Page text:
13. The District Court further extended the applicant's detention pending trial. Extensions were granted at the prosecutor's request on 3 December 2003 and 10 February 2004. The City Court upheld those decisions on appeal on 21 January and 9 March 2004 respectively. The applicant did not provide any other details in respect of the detention orders.

14. On several occasions in 2004 the applicant asked the investigator to question additional witnesses and examine forensic evidence. The investigator dismissed the applicant's requests, indicating, inter alia, that:

"The guilt of [the defendants] ha[d] been fully proved".

15. On 30 January 2004 the District Court dismissed the applicant's complaint about the prosecutor's refusal to open a criminal investigation against the police officers who had allegedly ill-treated him during his arrest. The applicant did not appeal.

B. The trial
16. On 1 April 2004 the Kuzminskiy District Court of Moscow received the case file.

17. On 20 December 2004 the District Court found the applicant guilty of kidnapping and rape and sentenced him to four and a half years' imprisonment.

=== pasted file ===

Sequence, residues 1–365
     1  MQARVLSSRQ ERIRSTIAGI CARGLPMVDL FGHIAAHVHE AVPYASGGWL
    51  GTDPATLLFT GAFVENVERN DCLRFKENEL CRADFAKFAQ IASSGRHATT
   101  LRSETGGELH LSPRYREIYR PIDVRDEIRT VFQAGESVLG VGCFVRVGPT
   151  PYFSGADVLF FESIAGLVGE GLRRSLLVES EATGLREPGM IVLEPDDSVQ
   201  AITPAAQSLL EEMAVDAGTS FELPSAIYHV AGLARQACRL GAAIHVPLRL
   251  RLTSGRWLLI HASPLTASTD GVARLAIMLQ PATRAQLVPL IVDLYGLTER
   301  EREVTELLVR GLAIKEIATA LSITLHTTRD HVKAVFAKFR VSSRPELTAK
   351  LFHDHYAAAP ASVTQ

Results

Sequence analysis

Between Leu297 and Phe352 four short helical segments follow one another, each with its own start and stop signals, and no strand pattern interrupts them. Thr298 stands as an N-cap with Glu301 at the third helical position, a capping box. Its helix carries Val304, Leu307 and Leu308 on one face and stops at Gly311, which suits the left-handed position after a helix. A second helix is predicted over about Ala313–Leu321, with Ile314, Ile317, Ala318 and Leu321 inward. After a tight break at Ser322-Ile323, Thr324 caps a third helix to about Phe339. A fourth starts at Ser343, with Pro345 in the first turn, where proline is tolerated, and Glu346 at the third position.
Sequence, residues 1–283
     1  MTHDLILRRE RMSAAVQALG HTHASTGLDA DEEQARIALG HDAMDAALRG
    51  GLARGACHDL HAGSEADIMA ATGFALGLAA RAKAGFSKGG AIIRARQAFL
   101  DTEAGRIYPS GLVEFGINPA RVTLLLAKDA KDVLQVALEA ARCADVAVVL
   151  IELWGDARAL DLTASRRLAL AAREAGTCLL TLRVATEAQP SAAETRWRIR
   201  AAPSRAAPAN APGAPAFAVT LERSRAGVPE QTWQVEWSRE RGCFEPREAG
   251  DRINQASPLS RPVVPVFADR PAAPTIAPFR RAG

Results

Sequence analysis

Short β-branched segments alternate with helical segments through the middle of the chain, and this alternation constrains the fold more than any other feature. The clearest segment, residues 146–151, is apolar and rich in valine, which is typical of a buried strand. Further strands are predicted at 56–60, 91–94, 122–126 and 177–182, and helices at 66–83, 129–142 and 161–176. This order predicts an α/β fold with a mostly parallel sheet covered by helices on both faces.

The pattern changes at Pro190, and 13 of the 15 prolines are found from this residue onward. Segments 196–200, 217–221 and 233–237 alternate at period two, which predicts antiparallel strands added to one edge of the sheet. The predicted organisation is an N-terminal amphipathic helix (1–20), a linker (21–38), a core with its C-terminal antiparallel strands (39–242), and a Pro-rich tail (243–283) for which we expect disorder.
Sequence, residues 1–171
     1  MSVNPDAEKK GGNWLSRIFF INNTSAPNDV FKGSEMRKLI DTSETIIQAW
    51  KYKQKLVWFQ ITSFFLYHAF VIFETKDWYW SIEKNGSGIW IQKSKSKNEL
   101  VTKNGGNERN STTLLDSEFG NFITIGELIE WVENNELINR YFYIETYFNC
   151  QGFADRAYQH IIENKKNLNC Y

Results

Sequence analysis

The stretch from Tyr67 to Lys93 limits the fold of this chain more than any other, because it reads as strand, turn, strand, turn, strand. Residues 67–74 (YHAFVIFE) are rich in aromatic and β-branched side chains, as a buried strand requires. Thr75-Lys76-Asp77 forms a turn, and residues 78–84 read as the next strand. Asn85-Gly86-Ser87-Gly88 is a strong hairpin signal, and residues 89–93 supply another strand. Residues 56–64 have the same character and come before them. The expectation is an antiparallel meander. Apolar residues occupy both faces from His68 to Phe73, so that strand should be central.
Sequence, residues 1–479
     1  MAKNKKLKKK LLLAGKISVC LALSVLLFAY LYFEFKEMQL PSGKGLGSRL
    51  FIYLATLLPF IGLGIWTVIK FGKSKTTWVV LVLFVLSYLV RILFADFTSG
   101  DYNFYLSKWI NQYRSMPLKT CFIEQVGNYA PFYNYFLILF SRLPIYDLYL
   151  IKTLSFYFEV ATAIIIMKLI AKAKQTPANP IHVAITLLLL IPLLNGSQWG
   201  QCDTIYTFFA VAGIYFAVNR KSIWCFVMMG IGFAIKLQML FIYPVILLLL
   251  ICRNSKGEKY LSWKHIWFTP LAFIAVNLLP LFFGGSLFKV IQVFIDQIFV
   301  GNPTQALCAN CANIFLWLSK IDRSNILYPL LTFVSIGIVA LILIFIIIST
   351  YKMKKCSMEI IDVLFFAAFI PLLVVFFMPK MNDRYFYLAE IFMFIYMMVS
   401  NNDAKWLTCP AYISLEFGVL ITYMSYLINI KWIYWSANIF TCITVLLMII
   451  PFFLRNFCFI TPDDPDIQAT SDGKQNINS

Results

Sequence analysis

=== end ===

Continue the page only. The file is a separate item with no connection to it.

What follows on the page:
18. On 19 April 2005 the Moscow City Court upheld the applicant's conviction on appeal.

C. Conditions of the applicant's detention
1. Detention in the temporary detention facility
19. From 13 to 20 August 2003 the applicant was held in cell No. 2 of the Maryinskiy temporary detention facility. The cell measured 8 sq. m. The applicant was detained there alone. According to him, the cell was poorly lit, and the cement floor was dirty. The cell was infested with bedbugs and other insects. The corners were covered in cobwebs. No bed sheets, mattresses or blankets were provided. The radio was left on during the whole night. Water was available twice a day. There was no sink and the applicant had to wash himself over the toilet. The applicant received one meal a day.

2. Detention in remand prison No. 77/1
(a) The description provided by the applicant